Engaging colors and illustrations help children understand their emotions and put words to their most challenging feelings.

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What Is It Like to Be Me? A Book about a Boy with Asperger's Syndrome. Alenka Klemenc, Illustrated by Urša Rožic, $25.95

Join Greg, a young boy with Asperger's syndrome (AS), as he tells us all about the world as he sees and experiences it. We learn about all the things he loves, including his routine and numbers, as well as his special interest in batteries. Greg also tells us about the things that he finds challenging, from a change in his beloved routine to reading facial expressions, and how these things can sometimes leave him upset and overwhelmed. By explaining the way he feels and how best to calm him down when it all gets too much, Greg helps us to understand AS and how it affects the way he views the people and objects around him.

What's That Look on Your Face? All About Faces and Feelings. Catherine Snodgrass, $25.50 (Gr. 2-5)

Recognizing and interpreting facial expressions and the feelings they represent poses a great challenge for children with language and communication difficulties, including those with an autism spectrum disorder. This strikingly illustrated book helps young readers link faces to feelings by presenting situations they can all relate to. Each page spread is devoted to a feeling expressed through an exaggerated facial expression accompanied by a short poem that further elaborates on the expression to reinforce its meaning.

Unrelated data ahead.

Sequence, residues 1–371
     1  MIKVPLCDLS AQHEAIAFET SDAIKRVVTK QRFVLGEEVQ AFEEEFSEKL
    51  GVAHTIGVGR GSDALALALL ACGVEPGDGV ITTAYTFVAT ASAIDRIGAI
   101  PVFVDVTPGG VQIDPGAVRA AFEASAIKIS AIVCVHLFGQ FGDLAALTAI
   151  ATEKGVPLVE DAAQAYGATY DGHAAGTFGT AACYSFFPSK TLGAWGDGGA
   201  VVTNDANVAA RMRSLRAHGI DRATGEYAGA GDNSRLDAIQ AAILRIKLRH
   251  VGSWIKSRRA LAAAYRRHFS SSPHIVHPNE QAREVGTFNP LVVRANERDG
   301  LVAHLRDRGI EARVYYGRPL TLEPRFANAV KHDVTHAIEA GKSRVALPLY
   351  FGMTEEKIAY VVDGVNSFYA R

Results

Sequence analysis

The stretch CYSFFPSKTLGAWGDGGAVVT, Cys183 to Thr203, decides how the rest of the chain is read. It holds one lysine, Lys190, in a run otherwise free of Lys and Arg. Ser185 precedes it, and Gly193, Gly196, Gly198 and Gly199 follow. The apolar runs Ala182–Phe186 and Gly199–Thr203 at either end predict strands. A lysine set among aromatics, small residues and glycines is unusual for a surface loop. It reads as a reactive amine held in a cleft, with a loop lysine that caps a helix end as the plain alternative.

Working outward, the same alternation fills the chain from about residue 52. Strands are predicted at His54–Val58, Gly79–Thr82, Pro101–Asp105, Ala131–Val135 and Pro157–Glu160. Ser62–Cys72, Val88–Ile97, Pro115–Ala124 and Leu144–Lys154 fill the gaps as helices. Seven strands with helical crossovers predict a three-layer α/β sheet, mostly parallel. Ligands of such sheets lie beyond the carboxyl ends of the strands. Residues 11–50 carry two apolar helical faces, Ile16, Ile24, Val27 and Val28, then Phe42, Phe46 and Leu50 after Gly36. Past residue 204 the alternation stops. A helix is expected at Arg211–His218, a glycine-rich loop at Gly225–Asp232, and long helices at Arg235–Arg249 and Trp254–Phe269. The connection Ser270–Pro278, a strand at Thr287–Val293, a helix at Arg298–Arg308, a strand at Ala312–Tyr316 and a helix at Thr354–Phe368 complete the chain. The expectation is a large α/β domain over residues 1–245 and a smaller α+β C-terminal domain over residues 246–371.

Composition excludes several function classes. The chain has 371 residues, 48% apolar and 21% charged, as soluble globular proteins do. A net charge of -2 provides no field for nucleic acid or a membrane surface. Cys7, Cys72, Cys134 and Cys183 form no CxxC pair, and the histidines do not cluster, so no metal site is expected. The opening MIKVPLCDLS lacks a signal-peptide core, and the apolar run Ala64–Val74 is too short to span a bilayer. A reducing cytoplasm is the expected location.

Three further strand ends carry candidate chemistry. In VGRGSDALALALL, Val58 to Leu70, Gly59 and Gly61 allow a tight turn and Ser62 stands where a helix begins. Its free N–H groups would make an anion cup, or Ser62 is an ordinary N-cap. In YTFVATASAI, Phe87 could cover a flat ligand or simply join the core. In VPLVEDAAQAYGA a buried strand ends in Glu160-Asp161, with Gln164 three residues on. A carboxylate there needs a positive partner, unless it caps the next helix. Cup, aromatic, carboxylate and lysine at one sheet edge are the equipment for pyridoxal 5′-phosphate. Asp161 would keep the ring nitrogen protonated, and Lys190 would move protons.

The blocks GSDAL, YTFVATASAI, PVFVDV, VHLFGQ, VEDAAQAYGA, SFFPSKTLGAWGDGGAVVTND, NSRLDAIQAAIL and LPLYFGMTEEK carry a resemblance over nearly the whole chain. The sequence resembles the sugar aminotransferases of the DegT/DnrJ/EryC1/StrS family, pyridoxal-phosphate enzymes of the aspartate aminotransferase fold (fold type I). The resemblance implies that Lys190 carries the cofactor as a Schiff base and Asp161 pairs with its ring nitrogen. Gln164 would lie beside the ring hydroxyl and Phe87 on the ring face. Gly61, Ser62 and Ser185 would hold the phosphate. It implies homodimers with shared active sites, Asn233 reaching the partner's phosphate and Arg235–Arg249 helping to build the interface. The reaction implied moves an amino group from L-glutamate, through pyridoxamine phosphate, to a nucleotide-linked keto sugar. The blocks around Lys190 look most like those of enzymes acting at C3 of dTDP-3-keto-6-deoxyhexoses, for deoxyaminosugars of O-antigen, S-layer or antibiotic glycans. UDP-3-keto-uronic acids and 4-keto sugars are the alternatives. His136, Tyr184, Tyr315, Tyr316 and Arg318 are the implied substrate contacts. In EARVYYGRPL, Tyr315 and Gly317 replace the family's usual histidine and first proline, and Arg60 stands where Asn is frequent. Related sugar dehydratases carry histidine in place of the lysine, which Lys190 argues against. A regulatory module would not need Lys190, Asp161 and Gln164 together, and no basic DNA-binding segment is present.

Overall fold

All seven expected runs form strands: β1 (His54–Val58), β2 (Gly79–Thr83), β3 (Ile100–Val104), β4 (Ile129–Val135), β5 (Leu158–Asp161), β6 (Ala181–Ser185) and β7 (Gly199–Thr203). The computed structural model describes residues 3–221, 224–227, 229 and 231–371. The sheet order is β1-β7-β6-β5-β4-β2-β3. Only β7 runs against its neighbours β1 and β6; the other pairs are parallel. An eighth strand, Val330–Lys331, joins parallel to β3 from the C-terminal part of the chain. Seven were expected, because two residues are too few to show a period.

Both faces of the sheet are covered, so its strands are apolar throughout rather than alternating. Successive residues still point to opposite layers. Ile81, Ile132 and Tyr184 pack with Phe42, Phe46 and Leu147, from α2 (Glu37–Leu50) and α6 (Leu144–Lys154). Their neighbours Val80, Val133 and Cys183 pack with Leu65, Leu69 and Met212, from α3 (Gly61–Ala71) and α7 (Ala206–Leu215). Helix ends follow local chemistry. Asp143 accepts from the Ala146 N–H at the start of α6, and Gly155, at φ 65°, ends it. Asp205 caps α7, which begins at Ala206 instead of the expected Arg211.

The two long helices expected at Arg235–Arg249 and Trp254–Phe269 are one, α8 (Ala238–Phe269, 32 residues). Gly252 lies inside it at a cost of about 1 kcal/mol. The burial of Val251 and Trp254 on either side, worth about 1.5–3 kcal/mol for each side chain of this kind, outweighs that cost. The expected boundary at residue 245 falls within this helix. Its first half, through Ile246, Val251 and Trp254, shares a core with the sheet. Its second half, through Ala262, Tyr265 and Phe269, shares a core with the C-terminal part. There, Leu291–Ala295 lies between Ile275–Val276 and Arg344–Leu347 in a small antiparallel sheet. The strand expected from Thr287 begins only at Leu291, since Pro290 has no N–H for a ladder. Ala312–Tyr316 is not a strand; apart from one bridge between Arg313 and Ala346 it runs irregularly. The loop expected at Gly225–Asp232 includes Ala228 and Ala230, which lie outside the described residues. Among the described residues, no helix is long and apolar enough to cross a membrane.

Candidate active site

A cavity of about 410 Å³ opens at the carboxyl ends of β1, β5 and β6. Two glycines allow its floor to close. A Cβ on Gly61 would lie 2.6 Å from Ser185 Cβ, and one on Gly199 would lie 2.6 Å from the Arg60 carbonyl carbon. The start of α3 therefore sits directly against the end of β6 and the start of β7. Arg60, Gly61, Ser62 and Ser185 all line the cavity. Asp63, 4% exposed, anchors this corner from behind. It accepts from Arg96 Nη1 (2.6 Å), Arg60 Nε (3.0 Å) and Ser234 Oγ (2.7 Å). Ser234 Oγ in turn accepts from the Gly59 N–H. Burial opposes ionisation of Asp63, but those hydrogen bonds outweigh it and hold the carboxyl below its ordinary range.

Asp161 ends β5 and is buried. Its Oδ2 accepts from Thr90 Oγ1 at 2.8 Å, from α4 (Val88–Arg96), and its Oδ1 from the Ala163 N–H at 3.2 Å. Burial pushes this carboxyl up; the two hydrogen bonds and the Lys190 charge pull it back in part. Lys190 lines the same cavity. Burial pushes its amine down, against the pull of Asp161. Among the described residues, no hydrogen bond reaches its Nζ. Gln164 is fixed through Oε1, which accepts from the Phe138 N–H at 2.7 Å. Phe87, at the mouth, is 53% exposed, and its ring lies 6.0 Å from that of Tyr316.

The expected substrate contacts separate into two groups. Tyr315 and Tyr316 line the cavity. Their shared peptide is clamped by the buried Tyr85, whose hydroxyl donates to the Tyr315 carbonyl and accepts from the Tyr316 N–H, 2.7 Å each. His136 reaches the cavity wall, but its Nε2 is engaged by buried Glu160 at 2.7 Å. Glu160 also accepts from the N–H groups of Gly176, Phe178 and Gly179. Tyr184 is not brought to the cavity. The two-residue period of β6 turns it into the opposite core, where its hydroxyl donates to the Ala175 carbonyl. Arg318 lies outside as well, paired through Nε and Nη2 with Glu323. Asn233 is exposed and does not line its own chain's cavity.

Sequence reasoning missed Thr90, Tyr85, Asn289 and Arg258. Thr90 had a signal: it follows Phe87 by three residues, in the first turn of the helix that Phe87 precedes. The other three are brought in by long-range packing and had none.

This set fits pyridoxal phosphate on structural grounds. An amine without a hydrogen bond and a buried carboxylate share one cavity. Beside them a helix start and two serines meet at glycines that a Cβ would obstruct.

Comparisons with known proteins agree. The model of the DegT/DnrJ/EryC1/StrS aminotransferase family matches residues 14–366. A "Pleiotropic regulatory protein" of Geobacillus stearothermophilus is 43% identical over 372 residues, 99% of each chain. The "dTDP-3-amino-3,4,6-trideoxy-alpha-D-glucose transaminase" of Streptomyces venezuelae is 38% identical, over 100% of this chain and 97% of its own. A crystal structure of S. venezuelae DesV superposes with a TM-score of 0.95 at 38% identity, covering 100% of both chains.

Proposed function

When My Worries Get Too Big! A Relaxation Book for Children Who Live with Anxiety, 2nd Edition. Kari Dunn Buron, $24.95

Worry and anxiety are on an upswing. In fact, anxiety is the most frequent of all mental disorders in children. High levels of stress and big emotions related to social situations, sensory issues, or general frustration are common in children who live with anxiety. Such stress can lead to a loss of control, resulting in aggressive behavior, such as screaming, throwing things or even hurting someone. Prolonged anxiety can also seriously impact success in academic achievement and cause children to avoid social and extracurricular activities. Now with a special section on evidence-based teaching activities for parents and teachers alike, this bestselling children’s classic just became even better and more relevant. Engaging and easy to read, this illustrated children’s book is filled with opportunities for children to participate in developing their own self-calming strategies. Children who use the simple strategies in this charming book will be able to relax and focus on work — or play!